|Repayment schedule||The repayment for personal loans is done through systematic EMIs that are spread over the tenure of the loan.||The amount due on credit cards for every credit cycle has to be cleared before the respective due date to renew the credit cycle.|
How to choose between personal loans and credit card loans?
Personal loans and credit cards are both very good sources of meeting immediate financial requirements. However, while choosing between the two, it is important to understand the nature of the financial requirement and the cost-effectiveness between the two.
When a person needs funds for routine expenses that can be managed with a small credit line and can be sufficiently repaid at the end of the credit cycle, credit cards are a better option as compared to a personal loan. This is on account of the interest-free credit cycle and the chance to boost the credit score.
Also, if a person is not eligible for any loan (including a personal loan), on such occasions, credit card loans can be used as a last resort. It is however important to understand that it is quite easy to fall into a debt trap through credit card loans and hence, repaying them on time is crucial.
Personal loans have a relatively lower interest rate and a longer repayment tenure that can be as per the agreement between the borrower and the lender. The flexible repayment options are added benefits that allow the repayment in a timely manner. Hence, if the borrower is eligible for a personal loan and if the need for financial assistance can wait for 5 to 7 days, going for a personal loan is a better option than going for a credit card loan.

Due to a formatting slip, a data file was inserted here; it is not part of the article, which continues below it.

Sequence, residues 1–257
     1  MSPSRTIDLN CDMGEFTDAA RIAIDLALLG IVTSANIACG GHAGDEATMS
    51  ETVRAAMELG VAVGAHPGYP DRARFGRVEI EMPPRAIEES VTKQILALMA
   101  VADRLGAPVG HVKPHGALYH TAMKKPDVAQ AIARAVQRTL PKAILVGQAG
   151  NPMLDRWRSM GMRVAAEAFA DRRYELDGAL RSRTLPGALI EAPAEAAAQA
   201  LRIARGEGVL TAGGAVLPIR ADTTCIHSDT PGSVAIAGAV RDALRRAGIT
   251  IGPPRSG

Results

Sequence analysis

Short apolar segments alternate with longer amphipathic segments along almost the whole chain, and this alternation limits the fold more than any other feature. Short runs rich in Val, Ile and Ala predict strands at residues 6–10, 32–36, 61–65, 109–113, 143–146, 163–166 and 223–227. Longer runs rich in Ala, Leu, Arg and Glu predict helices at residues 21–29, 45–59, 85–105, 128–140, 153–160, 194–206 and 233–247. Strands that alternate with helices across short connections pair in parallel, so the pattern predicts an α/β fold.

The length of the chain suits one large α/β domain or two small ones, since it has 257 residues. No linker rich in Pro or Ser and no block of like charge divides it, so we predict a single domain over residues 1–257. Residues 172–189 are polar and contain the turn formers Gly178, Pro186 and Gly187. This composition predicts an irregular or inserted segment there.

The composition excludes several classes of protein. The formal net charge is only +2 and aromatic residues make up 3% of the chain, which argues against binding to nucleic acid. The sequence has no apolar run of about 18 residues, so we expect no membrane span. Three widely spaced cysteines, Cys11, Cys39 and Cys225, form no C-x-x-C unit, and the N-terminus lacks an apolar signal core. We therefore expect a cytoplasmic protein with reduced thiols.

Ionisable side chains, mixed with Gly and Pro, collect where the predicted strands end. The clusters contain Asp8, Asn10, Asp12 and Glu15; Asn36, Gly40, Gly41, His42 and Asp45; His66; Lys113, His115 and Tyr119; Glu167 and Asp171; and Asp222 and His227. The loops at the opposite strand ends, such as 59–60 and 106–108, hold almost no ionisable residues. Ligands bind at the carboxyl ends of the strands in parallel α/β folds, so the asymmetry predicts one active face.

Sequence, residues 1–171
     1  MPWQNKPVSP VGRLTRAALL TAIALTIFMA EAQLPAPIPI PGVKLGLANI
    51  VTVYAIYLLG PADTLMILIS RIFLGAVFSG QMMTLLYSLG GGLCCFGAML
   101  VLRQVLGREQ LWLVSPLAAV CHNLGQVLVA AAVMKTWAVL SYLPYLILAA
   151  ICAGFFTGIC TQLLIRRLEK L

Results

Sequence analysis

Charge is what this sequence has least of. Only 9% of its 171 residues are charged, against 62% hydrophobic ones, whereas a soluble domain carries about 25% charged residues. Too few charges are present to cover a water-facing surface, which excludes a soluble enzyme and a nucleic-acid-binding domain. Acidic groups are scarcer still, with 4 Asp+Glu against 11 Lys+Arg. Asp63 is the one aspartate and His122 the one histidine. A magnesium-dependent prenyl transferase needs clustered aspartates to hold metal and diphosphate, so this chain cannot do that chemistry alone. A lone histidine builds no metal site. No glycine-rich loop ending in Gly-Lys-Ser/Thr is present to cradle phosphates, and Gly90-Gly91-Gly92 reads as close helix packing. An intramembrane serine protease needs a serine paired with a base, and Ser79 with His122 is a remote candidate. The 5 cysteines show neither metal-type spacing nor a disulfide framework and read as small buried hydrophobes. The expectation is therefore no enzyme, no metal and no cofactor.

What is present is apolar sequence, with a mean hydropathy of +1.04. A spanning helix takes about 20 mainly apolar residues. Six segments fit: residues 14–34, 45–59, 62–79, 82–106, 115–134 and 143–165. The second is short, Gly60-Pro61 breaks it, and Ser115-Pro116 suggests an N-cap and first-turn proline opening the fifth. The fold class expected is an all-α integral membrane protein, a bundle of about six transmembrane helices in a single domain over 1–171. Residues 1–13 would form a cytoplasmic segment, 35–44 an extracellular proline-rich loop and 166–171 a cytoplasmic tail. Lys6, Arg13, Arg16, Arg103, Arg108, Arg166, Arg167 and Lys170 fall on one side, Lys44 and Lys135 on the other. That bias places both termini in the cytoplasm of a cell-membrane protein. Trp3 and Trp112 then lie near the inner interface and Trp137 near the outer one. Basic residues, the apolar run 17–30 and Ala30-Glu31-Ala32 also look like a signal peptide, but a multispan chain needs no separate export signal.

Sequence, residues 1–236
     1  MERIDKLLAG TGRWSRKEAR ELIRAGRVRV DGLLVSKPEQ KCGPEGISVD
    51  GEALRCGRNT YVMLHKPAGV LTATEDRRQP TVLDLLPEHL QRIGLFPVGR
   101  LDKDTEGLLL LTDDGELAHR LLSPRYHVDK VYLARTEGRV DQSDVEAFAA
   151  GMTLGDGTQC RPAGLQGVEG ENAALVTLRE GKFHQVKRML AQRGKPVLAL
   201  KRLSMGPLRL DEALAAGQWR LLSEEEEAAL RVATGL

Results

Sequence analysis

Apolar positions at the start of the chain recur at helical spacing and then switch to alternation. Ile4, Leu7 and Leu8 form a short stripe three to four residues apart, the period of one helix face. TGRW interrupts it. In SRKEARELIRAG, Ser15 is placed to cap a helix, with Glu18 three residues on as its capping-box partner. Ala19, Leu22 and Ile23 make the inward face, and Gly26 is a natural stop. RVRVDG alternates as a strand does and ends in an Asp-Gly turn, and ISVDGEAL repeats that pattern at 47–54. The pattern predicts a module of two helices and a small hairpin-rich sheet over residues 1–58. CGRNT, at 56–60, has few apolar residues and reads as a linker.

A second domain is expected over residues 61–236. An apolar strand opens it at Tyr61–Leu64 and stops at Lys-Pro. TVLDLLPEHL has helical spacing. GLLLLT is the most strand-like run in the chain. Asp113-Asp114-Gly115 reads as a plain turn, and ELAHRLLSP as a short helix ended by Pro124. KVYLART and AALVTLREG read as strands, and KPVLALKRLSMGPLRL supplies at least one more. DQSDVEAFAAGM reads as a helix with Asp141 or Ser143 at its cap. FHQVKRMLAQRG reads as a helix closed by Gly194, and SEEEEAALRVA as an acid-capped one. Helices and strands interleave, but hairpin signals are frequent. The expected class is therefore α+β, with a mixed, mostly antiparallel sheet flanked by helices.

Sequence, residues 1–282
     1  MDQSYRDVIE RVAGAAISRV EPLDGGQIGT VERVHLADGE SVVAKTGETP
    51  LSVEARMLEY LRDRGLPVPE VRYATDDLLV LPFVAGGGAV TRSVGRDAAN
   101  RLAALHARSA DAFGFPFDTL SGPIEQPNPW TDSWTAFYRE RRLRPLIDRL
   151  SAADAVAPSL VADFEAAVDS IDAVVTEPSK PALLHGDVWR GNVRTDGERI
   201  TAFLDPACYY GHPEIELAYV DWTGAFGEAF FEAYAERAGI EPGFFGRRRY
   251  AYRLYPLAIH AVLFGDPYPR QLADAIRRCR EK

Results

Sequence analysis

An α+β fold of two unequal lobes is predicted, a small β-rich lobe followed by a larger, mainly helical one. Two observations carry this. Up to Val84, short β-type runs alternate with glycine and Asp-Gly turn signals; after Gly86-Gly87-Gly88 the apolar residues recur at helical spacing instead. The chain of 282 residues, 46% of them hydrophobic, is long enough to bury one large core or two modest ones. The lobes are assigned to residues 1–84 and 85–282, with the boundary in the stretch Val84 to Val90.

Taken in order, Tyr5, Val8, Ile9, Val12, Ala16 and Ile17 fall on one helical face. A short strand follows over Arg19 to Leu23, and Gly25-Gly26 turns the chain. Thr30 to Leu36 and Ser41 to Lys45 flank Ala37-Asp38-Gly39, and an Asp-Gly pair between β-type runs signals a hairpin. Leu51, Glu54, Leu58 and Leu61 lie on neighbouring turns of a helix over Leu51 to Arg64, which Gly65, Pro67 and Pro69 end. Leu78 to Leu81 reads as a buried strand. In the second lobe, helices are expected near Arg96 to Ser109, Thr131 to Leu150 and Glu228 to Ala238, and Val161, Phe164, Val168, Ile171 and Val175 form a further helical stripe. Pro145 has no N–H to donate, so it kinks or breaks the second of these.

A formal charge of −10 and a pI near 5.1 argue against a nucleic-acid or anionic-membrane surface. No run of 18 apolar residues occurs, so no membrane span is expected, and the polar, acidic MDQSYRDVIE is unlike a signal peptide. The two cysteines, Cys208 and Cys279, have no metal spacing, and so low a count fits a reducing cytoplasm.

Personal loans are available with every lender and NBFCs at nominal interest rates and minimum eligibility criteria. Credit cards too are available easily but it is easier to fall into a debt trap if the spending is not kept in check. This will further harm the credit score of the borrower and limit the future borrowing capacity. Hence, personal loans or credit card loans although can be easily accessible, requires careful financial planning before opting for them and a robust repayment capacity at the onset of the loan.
The average interest rate on credit cards is approximately 36% to 45% depending 0n the lender.
A personal loan can be used for personal expenses of any nature including for the business. However, interest rates on business loans are comparatively lower than that on personal loans. Hence, it is better to opt for a business loan after carefully evaluating the available options.
When the credit card holder does not have sufficient funds to make payment of the entire amount due on credit cards, they can pay the minimum amount due to renew the credit cycle. The lender will charge interest at the applicable rates on the balance unpaid amount till the time it is paid in full.
Yes. Personal loans can be issued to housewives also against the balance in their savings account or a fixed deposit with the bank or by providing collateral depending on the policies of the lender.